# Discrete Fourier transform in k and 1/k

## Main Question or Discussion Point

Say you have some function that is periodic in a parameter k. The discrete Fourier transform from a sampling may be found in the usual way, giving the frequency spectrum in k. But what if I want to find the frequency spectrum in 1/k ?

I'm not really sure what this is called, and so I've had a hard time Google searching for it. Any links or help would be appreciated. Thanks.

chiro
Hey gnulinger.

When you say frequency spectrum are you talking about integer frequencies?

I do know that there are ways to get fractional frequencies that are based on fractional derivatives and subseqent integrals:

http://mathworld.wolfram.com/FractionalDerivative.html

But if you are talking about just having a transfer function to get something in F(1/k) instead of F(k), then I think this is going to be a bit more involved and you should probably outline the reason why you want the function in terms of 1/k as opposed to the linear transform space k.

But if you are talking about just having a transfer function to get something in F(1/k) instead of F(k), then I think this is going to be a bit more involved and you should probably outline the reason why you want the function in terms of 1/k as opposed to the linear transform space k.
I am talking about the latter, and yes, I think it will be fairly involved. I have a function that is periodic in 1/k, and I am wondering if there is some way of mapping the DFT in k to that in 1/k.

rbj
i know a lot about the DFT, it's definition, the theorems, how it is related to the continuous fourier transform. but i cannot decode at all what you're talking about. what do you mean that it is "periodic in 1/k" ? try tossing up equations to be clear.

BTW, even though i get in fights about this on comp.dsp, i maintain that the DFT is nothing other than the Discrete Fourier Series. the DFT maps one discrete and periodic sequence of length N to another discrete and periodic sequence of the same length. and the inverse DFT maps it back. dunno if that answers your question.

Part of the problem is that I too am unclear on this subject, so it is hard for me to ask the right questions. I was hoping that someone may have heard of something related to what I was asking about, and could have pointed me in the right direction.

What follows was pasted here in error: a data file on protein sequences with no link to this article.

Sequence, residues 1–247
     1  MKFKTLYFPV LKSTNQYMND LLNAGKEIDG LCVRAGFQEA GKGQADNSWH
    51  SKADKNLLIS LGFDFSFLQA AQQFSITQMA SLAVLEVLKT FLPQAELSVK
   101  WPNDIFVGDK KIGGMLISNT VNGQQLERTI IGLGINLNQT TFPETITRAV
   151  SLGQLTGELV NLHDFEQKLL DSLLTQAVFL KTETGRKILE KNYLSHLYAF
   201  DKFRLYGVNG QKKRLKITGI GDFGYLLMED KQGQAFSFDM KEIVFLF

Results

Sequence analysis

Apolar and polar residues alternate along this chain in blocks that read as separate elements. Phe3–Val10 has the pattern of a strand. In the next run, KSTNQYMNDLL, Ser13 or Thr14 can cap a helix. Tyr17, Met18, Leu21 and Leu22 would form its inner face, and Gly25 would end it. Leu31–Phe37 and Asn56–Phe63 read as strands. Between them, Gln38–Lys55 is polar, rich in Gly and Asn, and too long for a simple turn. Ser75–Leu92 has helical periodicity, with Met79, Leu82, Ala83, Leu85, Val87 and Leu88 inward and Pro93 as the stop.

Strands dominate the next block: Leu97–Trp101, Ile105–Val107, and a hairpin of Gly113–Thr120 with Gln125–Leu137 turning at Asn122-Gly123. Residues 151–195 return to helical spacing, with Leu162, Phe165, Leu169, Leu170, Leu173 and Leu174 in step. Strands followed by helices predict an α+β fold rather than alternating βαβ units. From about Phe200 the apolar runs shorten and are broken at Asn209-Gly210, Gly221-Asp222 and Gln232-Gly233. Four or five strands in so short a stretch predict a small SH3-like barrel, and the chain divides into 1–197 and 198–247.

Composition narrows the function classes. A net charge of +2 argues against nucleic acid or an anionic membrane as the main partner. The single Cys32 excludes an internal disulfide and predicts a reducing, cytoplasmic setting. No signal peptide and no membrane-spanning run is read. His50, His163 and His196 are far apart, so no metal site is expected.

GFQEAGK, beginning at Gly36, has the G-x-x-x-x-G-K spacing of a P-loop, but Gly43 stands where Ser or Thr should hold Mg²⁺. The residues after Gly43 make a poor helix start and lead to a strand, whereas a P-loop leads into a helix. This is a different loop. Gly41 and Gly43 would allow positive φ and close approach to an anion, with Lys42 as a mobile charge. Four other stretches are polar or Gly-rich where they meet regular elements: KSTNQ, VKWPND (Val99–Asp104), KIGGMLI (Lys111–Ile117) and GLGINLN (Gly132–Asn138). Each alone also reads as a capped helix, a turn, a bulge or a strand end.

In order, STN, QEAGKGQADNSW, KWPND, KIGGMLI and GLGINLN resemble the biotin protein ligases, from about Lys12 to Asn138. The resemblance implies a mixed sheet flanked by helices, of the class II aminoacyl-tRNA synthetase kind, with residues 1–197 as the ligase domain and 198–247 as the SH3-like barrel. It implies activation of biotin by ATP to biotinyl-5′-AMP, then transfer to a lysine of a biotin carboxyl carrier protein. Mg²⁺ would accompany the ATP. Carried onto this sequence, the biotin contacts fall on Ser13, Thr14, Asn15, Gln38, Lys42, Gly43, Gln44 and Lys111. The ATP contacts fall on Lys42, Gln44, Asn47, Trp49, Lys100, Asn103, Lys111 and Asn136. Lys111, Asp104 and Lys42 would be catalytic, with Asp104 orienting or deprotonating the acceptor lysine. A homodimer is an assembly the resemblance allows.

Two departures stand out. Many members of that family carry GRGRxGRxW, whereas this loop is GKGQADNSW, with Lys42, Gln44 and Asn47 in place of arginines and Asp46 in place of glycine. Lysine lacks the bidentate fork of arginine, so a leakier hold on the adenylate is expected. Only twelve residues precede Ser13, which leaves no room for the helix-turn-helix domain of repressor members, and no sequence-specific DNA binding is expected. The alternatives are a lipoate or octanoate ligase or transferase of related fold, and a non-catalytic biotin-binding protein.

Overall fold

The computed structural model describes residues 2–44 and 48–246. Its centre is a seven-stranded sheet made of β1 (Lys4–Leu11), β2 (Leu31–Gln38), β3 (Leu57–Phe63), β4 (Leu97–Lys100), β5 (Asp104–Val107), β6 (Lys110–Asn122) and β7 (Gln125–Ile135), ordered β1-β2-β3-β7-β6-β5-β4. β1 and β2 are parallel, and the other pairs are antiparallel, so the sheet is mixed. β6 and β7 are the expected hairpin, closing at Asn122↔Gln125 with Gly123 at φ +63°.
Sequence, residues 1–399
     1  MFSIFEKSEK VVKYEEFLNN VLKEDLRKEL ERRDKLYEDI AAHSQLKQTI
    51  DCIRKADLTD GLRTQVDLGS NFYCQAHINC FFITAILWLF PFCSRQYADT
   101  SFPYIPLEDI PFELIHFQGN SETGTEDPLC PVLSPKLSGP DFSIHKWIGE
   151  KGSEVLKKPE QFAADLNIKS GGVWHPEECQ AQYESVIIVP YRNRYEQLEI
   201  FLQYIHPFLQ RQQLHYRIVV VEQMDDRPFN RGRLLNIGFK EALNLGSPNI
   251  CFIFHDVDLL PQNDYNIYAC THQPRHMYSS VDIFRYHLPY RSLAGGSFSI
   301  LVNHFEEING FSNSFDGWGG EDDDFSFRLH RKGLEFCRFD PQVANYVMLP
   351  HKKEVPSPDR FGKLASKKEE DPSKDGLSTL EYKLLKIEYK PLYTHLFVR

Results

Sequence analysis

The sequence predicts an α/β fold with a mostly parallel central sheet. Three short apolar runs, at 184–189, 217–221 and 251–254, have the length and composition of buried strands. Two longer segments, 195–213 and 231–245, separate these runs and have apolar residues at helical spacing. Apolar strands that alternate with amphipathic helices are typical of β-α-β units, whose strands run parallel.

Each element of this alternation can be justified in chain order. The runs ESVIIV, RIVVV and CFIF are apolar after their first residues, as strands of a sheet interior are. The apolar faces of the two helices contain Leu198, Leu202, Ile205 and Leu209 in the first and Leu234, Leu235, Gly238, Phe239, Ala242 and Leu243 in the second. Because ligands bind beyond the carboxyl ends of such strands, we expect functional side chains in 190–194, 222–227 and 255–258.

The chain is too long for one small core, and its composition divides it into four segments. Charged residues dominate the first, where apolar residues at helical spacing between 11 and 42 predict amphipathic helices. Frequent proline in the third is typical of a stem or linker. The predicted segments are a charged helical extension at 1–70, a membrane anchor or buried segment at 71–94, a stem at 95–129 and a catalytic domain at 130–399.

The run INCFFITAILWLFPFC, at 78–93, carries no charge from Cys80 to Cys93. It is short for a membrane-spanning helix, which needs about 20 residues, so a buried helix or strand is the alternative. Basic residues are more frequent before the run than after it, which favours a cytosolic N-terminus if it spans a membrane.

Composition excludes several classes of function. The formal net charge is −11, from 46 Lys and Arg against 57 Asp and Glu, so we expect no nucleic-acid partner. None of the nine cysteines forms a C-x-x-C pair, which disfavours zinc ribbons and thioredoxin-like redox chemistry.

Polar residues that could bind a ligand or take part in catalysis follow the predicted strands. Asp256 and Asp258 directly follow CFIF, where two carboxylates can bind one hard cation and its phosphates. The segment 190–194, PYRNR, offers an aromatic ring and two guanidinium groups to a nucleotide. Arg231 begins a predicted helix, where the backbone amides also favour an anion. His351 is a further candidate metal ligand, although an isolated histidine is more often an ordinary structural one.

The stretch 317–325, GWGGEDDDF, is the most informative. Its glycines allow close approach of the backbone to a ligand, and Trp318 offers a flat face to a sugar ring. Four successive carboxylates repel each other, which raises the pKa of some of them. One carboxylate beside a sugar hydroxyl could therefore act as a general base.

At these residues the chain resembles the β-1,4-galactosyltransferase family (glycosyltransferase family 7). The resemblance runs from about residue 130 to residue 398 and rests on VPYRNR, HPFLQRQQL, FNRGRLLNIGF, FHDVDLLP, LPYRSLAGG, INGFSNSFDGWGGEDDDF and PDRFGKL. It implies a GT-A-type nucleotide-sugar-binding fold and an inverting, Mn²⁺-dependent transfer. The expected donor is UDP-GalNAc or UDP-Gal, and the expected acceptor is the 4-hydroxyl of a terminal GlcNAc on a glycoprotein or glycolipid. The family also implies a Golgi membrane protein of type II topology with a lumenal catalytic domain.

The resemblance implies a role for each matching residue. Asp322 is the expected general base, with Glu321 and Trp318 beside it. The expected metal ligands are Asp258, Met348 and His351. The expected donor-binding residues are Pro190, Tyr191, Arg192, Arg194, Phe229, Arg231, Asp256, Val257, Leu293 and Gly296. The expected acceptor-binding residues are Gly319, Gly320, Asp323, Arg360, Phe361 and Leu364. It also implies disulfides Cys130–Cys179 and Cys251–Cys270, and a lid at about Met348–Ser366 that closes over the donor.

In the De Haas-van Alphen effect, wikipedia link, the magnetic moment of a crystal oscillates with period related to 1/B, where B is the magnetic field. The DFT would ostensibly give you a frequency spectrum in 1/B.

This is similar to what I want to do.

rbj
so, are you sampling the magnetic moment function of time somehow? where do the numbers that go into the DFT get set to some value?

marcusl
Gold Member
The simplest way is to plot the results against 1/k on a nonlinear scale. You often see optical spectra plotted this way--the calculation is done for frequency but the plot is done against lambda.

The simplest way is to plot the results against 1/k on a nonlinear scale. You often see optical spectra plotted this way--the calculation is done for frequency but the plot is done against lambda.
Do plot your data or the DFT against 1/k?

mdo
You have a function f(t) that has a Fourier transform, F(ω), that is null or almost null for |ω| > Ω. f(t) is sampled at every multiple of a given interval h to obtain a discrete signal f(n) = f(nh), where h should be < π/Ω. When you compute the DFT, F(μ), you are working on a normalized domain 0≤μ<π, but you can express it in "real" ω by multiplying by Ω or by 2π/h.
It's indifferent.